Canada’s international student population is booming, tripling over the past decade to 570,000 people in 2018.
Canada now ranks as the fourth-leading host country for international students, behind the United States, United Kingdom, and Australia, according to ICEF.
Canada’s higher intake is due to the global explosion of international students. UNESCO estimates there were 5.3-million international students in 2017 compared with two million in 2000.
The consensus is this figure will continue to rise due to the growth of middle-class populations in emerging markets, which is fueling the spike in international students.
Canada is currently attractive due to its weak dollar. While international student tuition is higher than tuition paid by Canadian students, it is globally competitive compared with paying tuition and living expenses in the likes of American dollars, British pounds, and Euros.
The main reason international students come to Canada, according to the Canadian Bureau for International Education (CBIE), is the quality education provided by Canada’s universities and colleges.
The second major factor is Canada’s reputation as an open and welcoming society towards newcomers. This provides Canada with a significant advantage during these times of rising anti-immigrant sentiment in other western countries.
Canada’s advantage is also due to the comprehensive study-work-immigrate package that it offers international students.
Unlike other countries, Canada allows international students to work part-time during their studies so that they can support themselves financially.
After completing their Canadian education, they are eligible for a Post-Graduation Work Permit (PGWP) that enables them to stay in Canada and pursue full-time employment opportunities for up to three years.
International students who want to settle in Canada are awarded extra points through the federal Express Entry system and also have numerous provincial immigration pathways available to them.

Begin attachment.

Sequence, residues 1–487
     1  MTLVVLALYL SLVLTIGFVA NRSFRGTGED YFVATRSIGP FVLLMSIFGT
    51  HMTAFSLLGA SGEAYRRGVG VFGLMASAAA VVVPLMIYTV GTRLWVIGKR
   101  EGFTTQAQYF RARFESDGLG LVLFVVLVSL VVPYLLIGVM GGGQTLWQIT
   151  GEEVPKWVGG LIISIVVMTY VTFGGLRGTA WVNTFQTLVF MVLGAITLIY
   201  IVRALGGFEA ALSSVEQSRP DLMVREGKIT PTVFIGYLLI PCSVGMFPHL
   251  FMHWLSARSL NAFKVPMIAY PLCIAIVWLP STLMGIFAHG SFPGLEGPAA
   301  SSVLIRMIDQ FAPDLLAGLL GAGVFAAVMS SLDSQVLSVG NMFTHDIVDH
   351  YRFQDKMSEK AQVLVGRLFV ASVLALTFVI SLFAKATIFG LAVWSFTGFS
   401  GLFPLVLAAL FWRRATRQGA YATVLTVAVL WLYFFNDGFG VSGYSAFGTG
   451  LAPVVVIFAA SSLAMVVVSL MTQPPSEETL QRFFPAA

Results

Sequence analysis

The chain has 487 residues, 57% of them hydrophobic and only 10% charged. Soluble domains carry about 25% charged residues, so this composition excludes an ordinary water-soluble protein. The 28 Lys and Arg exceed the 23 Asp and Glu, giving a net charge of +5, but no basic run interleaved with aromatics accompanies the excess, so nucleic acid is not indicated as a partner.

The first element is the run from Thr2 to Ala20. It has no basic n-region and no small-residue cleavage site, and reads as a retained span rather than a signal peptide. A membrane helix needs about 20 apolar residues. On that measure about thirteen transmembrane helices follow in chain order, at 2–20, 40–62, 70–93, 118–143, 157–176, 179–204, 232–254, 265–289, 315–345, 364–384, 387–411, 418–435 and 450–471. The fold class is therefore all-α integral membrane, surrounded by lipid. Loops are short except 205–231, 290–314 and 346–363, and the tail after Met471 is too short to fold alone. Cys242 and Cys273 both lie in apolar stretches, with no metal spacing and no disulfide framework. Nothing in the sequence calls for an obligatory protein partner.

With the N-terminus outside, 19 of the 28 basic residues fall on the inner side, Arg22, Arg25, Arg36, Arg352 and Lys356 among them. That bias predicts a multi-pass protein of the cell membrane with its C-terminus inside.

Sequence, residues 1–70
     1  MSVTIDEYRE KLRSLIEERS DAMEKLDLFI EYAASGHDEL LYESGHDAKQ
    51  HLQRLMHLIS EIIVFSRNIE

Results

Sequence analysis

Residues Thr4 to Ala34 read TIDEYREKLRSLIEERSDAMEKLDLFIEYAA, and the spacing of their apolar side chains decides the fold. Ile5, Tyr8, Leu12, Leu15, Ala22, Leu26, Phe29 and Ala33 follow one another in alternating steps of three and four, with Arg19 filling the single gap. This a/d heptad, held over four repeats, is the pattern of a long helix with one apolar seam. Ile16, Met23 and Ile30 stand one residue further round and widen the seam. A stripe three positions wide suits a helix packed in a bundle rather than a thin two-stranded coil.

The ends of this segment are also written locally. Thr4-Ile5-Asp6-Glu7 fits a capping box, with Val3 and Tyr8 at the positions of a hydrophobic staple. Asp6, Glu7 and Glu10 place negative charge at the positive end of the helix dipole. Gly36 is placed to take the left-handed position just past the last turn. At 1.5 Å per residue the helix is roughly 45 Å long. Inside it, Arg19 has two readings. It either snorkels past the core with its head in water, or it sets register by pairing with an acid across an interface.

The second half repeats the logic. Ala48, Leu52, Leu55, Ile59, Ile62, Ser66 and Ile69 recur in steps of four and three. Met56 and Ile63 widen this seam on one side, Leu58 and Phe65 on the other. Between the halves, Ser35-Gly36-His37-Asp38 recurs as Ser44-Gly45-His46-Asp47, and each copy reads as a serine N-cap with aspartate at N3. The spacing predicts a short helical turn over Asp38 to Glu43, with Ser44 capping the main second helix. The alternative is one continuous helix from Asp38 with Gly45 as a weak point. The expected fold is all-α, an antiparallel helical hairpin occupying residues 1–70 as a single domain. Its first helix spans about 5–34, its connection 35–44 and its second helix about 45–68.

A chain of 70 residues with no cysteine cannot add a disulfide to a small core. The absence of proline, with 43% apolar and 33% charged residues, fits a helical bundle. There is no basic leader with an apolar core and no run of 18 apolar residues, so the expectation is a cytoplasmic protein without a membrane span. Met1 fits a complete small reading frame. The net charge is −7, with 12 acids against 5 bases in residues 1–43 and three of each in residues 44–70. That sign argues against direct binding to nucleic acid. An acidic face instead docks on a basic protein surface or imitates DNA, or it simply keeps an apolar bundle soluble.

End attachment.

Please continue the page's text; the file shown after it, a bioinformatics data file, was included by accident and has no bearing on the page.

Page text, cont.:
This competitive package makes sense on a number of fronts:
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Canada’s international student population should continue to grow due to the aforementioned reasons plus demographic factors.
The main demographic cohort of new students for Canada’s universities and colleges (Canadians between the ages of 18-24) has declined due to the country’s low birth rate. This means Canadian educational institutions will continue to rely on international students to sustain their operations.
One thing to look out for is whether Canada becomes more successful at diversifying its international student source countries.
Currently, 54 per cent of international students arrive from India and China. Diversification is important because it helps Canada build economic and social ties with the rest of the world. It also reduces the risk for Canadian universities and colleges in the event more Indian and Chinese students choose to remain at home in the future or study in other countries instead.
The federal government’s new international education strategy for 2019-2024 seeks to welcome more international students from 11 priority countries.
In 2018, nearly 60,000 people from these countries began to pursue their education in Canada. These students comprised 16 per cent of all new international students— a figure that has remained steady in recent years.
An increased intake of international students will result in more becoming permanent residents due to the numerous immigration pathways offered to them. In 2018, 25 per cent of the nearly 90,000 people who received a federal invitation to apply for permanent residence through Express Entry were former international students.
The economic impact of international students will also continue to grow. The federal government estimates international students contributed nearly $ 22 billion to the economy and supported 170,000 jobs in 2018.
On the other hand, Canada has yet to fully adapt to its surging intake. Universities and colleges have struggled at times to deliver education and settlement support tailored to the diverse needs of international students.
Immigration policies have also lagged. It took numerous reforms before federal and provincial policies began to give preference to international students. Federal and provincial settlement supports do not fully cover international students even though more of them are becoming immigrants.
Despite its shortcomings, Canada’s international student story is a predominantly positive one. Not only does the higher intake benefit the country’s economy and the students themselves, but it also helps to strengthen Canada’s social ties with the rest of the world. Many international students will return home to become the business, government, and social sector leaders of tomorrow.
As they reminisce about their time spent in Canada, they will go on to serve as informal Canadian ambassadors for many decades to come.
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